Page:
Thermo-Kool’s roll-in blast chillers and shock freezers come as stand-alone units or can be built into a walk-in cooler or freezer. Both can accommodate almost any mobile rack size, allowing foodservice operators the flexibility to batch cook product in their combi and transfer it directly into the blast chiller/shock freezer. “You can blast chill and store it for days in a Thermo-Kool cooler; you can shock freeze it and store it for months in a Thermo-Kool freezer,” says McLaughlin, adding that what separates his lines from others is that Thermo-Kool’s reach-ins and roll-ins are equipped with the technology to blast chill or shock freeze. “All of our reach-in models can both blast-chill and shock freeze. Our roll-ins will do the same with the correct condensing unit and do not require an additional unit like other brands for a holding cycle once the chill or freeze cycle is completed,” he says.

For efficiency and ease of use, Thermo-Kool’s models also are designed with the refrigeration system and controller located above the cabinet in a no spill/splash zone. The condenser coil in a refrigeration system is responsible for removing heat from the unit. “If it’s on the bottom, below the cabinet,” says McLaughlin, “it has to work harder to bring down the temperature. Moving the condenser unit to the top and ventilating it all around, allows for easier heat removal. It helps save the life of the compressor and reduces energy consumption, plus it allows for easy cleaning and periodic maintenance of the refrigeration. If it’s not easily accessible, those two items may be ignored by kitchen staff.”

Moving Past the Educational Phase
Like its equal on the hot side, the combi, blast chillers have been mainstays in European kitchens for decades because of their efficiency and functionality on the cold side. Large batches of food can be cooked in advance, chilled and then served during peak hours; fruits and vegetables can be purchased at the height of the season and chilled for later use.

“What’s also important to a lot of chefs and popular restaurant brands is that blast chillers/shock freezers help preserve the quality, aroma and taste of food when it’s rethermed and served,” says McLaughlin, who hopes that more smaller operators in the U.S. will follow the lead of high-end restaurants, large chains and institutions. Blast-chilling technology didn’t start working its way into commercial kitchens until the early 2000s but most large-scale operations now see it as a necessity, particularly when it comes to meeting HACCP guidelines and the ever-present need to find short cuts to compensate for dips in labor.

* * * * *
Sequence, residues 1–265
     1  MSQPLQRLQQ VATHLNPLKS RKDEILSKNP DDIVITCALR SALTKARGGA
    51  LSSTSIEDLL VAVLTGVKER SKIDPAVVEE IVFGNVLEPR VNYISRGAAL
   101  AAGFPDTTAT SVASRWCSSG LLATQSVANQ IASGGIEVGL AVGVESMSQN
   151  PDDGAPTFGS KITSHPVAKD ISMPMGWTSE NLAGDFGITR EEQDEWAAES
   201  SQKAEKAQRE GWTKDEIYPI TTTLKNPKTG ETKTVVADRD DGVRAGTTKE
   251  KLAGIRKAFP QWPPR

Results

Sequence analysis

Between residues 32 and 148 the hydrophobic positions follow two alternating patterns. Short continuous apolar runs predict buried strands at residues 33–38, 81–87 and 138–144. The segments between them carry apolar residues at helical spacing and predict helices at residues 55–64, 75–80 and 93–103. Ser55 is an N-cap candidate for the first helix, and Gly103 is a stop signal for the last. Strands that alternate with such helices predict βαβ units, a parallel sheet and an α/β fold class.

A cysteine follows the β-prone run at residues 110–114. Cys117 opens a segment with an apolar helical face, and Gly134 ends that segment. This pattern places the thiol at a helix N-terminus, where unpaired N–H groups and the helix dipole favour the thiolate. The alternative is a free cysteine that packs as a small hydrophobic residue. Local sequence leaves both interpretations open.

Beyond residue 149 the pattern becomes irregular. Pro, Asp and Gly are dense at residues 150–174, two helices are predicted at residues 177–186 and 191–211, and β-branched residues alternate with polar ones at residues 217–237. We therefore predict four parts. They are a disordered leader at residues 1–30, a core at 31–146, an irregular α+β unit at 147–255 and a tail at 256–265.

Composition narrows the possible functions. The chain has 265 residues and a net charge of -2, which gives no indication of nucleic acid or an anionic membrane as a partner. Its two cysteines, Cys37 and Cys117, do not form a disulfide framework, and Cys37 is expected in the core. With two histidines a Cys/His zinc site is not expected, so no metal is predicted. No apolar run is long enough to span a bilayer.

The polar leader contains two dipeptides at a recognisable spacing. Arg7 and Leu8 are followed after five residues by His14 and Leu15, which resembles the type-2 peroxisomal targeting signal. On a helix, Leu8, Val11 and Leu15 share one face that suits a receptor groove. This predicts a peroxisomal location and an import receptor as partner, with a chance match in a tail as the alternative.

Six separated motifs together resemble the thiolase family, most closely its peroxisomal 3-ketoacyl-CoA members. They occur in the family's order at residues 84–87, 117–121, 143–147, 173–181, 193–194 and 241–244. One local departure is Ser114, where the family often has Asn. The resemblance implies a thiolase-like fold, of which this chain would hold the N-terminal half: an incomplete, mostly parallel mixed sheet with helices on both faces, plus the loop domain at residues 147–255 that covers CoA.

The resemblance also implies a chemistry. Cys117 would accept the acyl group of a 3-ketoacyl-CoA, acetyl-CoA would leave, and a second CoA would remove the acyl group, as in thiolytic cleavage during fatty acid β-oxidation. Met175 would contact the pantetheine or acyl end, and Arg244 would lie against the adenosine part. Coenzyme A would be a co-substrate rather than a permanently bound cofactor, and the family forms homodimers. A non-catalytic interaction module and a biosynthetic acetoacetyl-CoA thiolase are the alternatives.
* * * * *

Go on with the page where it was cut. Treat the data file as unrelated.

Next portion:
“Others, like independents and smaller school districts, would like to have the equipment but it can be expensive,” says McLaughlin. “The average cost of small to midsize reach-ins range from $6,000 to $11,000 and the larger roll-in units with remote condensing units are in the $20,000-plus range.”

The fact that many still view blast chillers/shock freezers as a luxury has led to modest movement in the market compared to the gains combi ovens have made over the years. Domestic combi sales in 2015 were more than $138 billion compared to roughly $30 million in sales for blast chillers and shock freezers, according to NAFEM’s 2016 Size and Shape of the Industry Study.

 “I think we’re still in the educational stage, which is why we’re not seeing a lot of growth in the blast chiller/shock freezer market,” says McLaughlin. Although, he does see blast chillers reaching the same status as combis in the eyes of foodservice operators—since the two ultimately work best in concert.

“Within the next two to five years, I believe there will be more of a willingness to include blast chillers and shock freezers into commercial kitchens and school systems,” predicts McLaughlin. “Buy-in has to start with the operator and the distributor. That’s why we invest heavily in educating operators about the benefits of blast chillers/shock freezers. A greater emphasis on safety and labor-cost savings is going to help drive this product line.”

“Many people fail to realize—on the residential side and the commercial—that a refrigerator and a freezer are for storing food that is already at a chilled temperature.”
— Rand McLaughlin